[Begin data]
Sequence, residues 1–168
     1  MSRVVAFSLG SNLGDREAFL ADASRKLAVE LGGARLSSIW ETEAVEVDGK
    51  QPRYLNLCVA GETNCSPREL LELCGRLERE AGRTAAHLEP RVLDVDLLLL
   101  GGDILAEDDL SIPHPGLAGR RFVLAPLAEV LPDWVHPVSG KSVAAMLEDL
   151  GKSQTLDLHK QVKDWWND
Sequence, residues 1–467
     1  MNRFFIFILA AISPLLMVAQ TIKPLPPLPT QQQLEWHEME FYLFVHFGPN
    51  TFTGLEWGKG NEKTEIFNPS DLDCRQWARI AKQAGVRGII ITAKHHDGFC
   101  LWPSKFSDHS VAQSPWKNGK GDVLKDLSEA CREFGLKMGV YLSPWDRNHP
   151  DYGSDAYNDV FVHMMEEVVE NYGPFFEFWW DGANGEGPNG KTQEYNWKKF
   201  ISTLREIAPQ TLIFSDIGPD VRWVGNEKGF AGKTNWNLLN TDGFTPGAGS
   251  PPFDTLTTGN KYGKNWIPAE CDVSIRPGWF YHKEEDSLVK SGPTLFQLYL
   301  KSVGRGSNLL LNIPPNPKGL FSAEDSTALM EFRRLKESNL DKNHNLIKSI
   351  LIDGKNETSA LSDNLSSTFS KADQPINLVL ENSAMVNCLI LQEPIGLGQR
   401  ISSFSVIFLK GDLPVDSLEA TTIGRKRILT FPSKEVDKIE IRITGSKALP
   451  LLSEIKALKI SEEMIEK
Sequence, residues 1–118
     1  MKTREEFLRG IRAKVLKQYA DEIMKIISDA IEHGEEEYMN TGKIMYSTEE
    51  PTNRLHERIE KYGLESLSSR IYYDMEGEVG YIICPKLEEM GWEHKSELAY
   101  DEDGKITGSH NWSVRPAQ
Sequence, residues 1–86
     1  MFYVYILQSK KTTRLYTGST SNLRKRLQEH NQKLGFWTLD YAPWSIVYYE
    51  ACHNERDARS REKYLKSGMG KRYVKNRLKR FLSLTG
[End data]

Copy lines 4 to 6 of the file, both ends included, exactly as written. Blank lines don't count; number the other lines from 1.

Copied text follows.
   101  GGDILAEDDL SIPHPGLAGR RFVLAPLAEV LPDWVHPVSG KSVAAMLEDL
   151  GKSQTLDLHK QVKDWWND
Sequence, residues 1–467